State and local officials visit the Warren County Career Center | News, Sports, Jobs

Times Observer photo by Brian Ferry Pennsylvania Treasurer Stacy Garrity poses with students from the Warren County Career Center’s Protective Services Program during a Friday visit.

State Treasurer Stacy Garrity, State Senator Scott Hutchinson and State Representative Kathy Rapp visited the Warren County Career Center for lunch and a tour of the facilities.

The Virtual Academy’s Assistant Director of Services, Mike Cradduck, led the tour, showing visitors seven of the 12-program Career Center stores.

The tour also included stops at the STEM and STRIVE programs, both housed in the building, but technically separate from the Career Center programming.

Cradduck said the career center has an enrollment of 327 students.

Times Observer photo by Brian Ferry Pennsylvania Treasurer Stacy Garrity tries out a virtual reality headset with help from Warren County STEM teacher Joe McClellan during a Friday tour of the Warren County Career Center and STEM and STRIVE programs.

The visit began with welding, where visitors saw a demonstration and received tokens of appreciation.

From there, the group saw the cooking side of the culinary program – they had lunch at the Hilltop Restaurant before the tour.

Bob Smith, TANF/Co-op Coordinator, spoke to Garrity about the opportunities Career Center students have to work with local employers before they graduate.

From 10 to 12 students in co-ops just a few years ago, there are 76 now, he said.

“The partnership with local industry is incredible,” said Smith. “Word is out, they are calling us now. They realize the advantage.

He said students at career centers work and earn a lot of money while they are still in school and many find jobs even before they graduate.

“It will encourage even more children to come here,” said Superintendent Amy Stewart.

Rapp thanked Smith for his efforts, saying the programs helped some students’ mental health. “One thing that can really stimulate someone…is employment”, she says.

Throughout the tour, Garrity said the Warren County Career Center should be a model for other counties.

At one stop, Hutchinson introduced visitors to some students, explaining that Garrity was checking out some of what Warren County has to offer. “Certainly, this place of learning is important.”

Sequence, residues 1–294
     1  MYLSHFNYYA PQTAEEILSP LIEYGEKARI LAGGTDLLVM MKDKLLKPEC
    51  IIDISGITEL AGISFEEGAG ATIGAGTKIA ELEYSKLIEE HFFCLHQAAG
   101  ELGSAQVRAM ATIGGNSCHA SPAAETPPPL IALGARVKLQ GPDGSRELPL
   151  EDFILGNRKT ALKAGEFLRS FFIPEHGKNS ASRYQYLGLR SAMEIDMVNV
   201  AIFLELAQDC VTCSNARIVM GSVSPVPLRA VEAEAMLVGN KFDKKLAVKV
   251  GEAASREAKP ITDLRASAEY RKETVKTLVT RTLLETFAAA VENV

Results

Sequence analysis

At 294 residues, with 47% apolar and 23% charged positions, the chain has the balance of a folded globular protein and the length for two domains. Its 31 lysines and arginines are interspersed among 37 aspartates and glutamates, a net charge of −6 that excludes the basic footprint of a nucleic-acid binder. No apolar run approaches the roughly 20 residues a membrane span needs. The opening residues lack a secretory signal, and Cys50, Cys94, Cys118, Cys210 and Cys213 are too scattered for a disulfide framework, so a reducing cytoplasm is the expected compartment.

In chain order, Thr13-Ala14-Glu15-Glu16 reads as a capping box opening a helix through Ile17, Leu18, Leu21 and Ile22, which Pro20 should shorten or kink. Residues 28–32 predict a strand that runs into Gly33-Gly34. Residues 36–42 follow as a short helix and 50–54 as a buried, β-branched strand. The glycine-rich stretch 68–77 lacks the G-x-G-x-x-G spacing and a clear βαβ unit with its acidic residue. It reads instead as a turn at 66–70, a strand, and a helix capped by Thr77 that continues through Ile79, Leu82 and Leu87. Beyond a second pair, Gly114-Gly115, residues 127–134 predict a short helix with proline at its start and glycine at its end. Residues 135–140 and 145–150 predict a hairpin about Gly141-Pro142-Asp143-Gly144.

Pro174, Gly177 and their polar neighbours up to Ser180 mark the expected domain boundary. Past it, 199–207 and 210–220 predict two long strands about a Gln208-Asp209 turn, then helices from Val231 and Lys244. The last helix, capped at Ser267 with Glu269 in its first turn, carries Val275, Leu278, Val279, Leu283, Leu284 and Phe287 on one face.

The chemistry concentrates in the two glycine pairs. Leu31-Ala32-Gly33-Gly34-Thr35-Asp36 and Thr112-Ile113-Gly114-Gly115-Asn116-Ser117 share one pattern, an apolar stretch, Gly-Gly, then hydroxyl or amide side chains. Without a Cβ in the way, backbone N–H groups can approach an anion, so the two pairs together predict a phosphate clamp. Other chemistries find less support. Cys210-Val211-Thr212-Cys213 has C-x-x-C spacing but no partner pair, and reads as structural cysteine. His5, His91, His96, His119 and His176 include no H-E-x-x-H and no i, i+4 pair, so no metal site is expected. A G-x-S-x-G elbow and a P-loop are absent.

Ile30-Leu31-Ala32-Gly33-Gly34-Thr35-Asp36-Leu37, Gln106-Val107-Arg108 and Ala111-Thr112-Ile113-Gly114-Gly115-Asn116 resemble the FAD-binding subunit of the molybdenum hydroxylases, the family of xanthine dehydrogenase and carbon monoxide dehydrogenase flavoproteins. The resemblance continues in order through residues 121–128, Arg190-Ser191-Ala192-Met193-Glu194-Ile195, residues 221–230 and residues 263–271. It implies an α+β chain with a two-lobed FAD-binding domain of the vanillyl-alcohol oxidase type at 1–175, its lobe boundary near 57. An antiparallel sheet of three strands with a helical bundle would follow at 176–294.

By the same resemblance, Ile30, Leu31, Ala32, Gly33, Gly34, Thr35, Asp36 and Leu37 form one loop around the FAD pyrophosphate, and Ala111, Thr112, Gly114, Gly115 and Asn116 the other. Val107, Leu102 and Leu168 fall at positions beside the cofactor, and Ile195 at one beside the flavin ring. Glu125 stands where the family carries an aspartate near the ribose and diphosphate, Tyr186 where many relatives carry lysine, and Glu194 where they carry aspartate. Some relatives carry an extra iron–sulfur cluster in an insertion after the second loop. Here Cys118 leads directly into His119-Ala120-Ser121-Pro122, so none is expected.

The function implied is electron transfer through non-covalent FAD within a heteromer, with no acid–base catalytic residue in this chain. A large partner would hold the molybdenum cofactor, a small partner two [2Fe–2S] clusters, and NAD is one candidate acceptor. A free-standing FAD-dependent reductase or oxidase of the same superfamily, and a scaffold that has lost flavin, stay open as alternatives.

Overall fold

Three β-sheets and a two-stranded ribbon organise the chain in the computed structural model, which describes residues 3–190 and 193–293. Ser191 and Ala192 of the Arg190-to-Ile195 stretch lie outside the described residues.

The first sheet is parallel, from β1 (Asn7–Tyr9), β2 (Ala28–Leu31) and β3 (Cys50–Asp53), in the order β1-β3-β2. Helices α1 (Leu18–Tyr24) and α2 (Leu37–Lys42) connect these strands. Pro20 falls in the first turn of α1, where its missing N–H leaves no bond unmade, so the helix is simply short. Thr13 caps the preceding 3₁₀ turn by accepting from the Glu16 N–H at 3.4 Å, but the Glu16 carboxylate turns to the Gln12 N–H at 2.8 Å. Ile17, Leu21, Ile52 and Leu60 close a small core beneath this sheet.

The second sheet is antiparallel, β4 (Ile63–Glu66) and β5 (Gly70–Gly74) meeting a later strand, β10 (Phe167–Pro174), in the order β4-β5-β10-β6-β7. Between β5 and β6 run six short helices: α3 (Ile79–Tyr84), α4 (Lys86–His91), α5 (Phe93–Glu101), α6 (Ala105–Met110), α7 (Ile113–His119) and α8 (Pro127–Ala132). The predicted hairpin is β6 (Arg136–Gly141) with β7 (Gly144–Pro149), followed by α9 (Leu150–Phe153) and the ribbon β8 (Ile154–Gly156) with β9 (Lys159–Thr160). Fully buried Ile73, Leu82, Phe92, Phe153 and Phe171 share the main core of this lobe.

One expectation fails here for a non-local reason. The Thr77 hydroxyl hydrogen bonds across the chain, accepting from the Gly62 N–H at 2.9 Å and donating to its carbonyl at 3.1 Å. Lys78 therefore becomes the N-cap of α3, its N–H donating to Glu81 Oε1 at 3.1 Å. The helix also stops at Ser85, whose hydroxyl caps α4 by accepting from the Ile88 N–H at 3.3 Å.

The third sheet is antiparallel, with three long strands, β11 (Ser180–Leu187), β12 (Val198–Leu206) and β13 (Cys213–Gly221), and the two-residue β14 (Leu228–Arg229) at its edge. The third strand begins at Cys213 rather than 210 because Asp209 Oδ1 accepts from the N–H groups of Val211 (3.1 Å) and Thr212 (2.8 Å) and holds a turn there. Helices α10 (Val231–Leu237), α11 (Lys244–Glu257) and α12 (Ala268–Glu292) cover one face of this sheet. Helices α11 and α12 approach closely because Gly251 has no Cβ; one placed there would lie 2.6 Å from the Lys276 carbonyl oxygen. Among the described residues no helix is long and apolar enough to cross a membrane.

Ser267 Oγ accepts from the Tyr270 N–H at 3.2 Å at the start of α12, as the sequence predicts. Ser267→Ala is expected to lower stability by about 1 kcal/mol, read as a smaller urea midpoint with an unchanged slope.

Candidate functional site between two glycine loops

Stewart explained that the career center programs are growing. “Career and technology are where they are”, she says.

“We know,” Garry agreed. “We are pushing that.”

Garrity has seen students dissect pig and cow hearts as part of the medical assistance program and has spoken to junior firefighters and emergency medical responders in Protective Services.

The career center program tour ended with building construction trades and machinery technology.

At the STEM lab, Garrity tried out some of the virtual reality equipment.

The final stop in the building was the STRIVE program — a late but useful addition to the renovation, Stewart said.

STRIVE—Social Interaction, Transition Planning, Recreation and Leisure, Independent Living, Vocational Learning, and Career Exploration and Skills—is a program for students with certain disabilities that helps them transition from school to work or life. autonomous.

Garrity saw STRIVE’s “living room”, “hotel rooms”, kitchen, laundry room and workshop spaces.

“That’s wonderful,” she says. “What a beautiful program.”

“All of these programs are fantastic,” she says.

“You should all be proud of this place” Hutchinson said.

Stewart said bringing state officials to the district and the career center to get a first-hand look at what’s going on gives them a better basis to make education-based decisions.

“They are not experts in what we do”, she says. Go to “know what we are doing” help them to do “good decisions that will have an impact on children.”

“There is such a need in all 67 counties for skilled labor,” said Garrity after the tour. ” It is very impressive. The children are so involved. I think this center should be a model for all counties.

Garrity is on tour promoting the PA 529 College and Career Savings program.

“It’s not just for four-year programs,” said Garry. “It’s a great way for parents and families to save for their education.

The program has many tax benefits, and savings in a 529 plan do not affect eligibility for state financial aid.

Garrity remains in the county and will join Warren town officials and others for a panel discussion and downtown walking tour.

“Some of the places we plan to stop include Faded Floral, Rad Lands, Arbor House, Plaza, Allegheny Outfitters and Innovault,” said Councilman John Wortman.

The municipal police and fire stations are also on the program of the visit.

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